Child of the West – A Personal Journey

Platon anagoria, Gastmahl Feuerbach, 1874
The myth of progress argues that where we’re headed is fixed already by the very nature of the world. But saying that it was “bound to happen” is just a way of dodging responsibility.

When I was an undergraduate, we were required to take “general education” classes. General Education was a series of core curriculum courses that addressed the nature of Western Culture, the basics of at least one other culture, and some of the challenges we faced in the modern era. The first class, GenEd 101, was a survey of the legacy of Western thought.

This course read from the Greek classics, the Bible, and Shakespeare, and honestly it was lost on me. As a freshman, I didn’t really understand what the professors were getting at. I simply didn’t have enough experience with the world to truly understand how these ancient texts had influenced my thinking. I certainly had no clue how much we owed to those who came before.

Out with the Old, In with the New

Worse, like many in our culture, I was a firm believer in the inevitability of progress — a true child of Western culture and scientific thought. I believed that the old should be thrown out so that the new could replace it, unaware that the “new” had not sprung forth in some blaze of truth, but had grown organically from the “old.”

The myth of progress is heavily influenced by 19th century thinkers. Metaphorically, it is the intellectual version of Manifest Destiny. We (as a culture) believe that progress is inevitable and wholly good. We do so with a faith as strong as any medieval Christian’s.

This same type of thought is reflected in every “evolutionary” theory of the world, from E. B. Tylor‘s writings that were so influential on early anthropology, to the horrors of “Social Darwinism” that led to the eugenics movement.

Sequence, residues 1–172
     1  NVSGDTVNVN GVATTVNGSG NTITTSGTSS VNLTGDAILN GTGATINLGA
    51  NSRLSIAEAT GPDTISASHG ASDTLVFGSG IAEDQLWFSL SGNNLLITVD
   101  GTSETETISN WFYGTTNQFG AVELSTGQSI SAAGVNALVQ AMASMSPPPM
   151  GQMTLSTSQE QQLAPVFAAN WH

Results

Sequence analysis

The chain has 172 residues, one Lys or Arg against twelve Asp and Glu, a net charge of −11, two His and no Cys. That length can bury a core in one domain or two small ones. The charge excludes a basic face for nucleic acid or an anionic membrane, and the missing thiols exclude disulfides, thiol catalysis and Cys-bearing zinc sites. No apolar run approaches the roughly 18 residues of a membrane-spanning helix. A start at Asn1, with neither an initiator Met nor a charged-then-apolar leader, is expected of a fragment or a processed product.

The New Myths

I learned in school that philosophy had come down from the Greeks, but I didn’t understand that there was a world out there that wasn’t in line with Greek philosophy. Or if I did, I just believed that my own culture’s ways were superior — without ever really understanding that I’d made that decision.

I was told that Western representative government had come from Greek democracy; I probably even wrote it on the test. But I didn’t “get it” — I didn’t understand why the tradition of democracy was important, because I didn’t really understand that there was a larger world out there, beyond the boundaries of modern Western thought.

It never occurred to me that the West came from somewhere, that it was an intellectual tradition that spanned thousands of years, and that it wasn’t even the only one.

For instance, I “knew” that alchemy was an old, boring superstition, and didn’t get that it was really the progenitor of the world of science that I studied. I understood the “scientific” roots of truth, but not the “cultural” ones. I knew that Isaac Newton, for instance, was a great mathematician and scientist, but I didn’t know that he was also an avid alchemist.

I didn’t understand that the ancient alchemists, the proto-scientists, were science’s forefathers — and that spitting on them for their “foolish” ways was nothing more than childish rebellion.

The More Things Change…

Understanding that “progress” is a value (rather than an inevitable fact) doesn’t mean that all change is bad, either. Feeling that we have to choose between inevitable progress and rank conservatism accepts a false dichotomy in which our own ability to choose is negated by the assumptions we make.

Clearly, the world does change, and every choice we make for ourselves is part of that. There is no inevitable future, so we have a responsibility to make the best one we can. Only by understanding and respecting our roots for what they are can we fully take part in that process.


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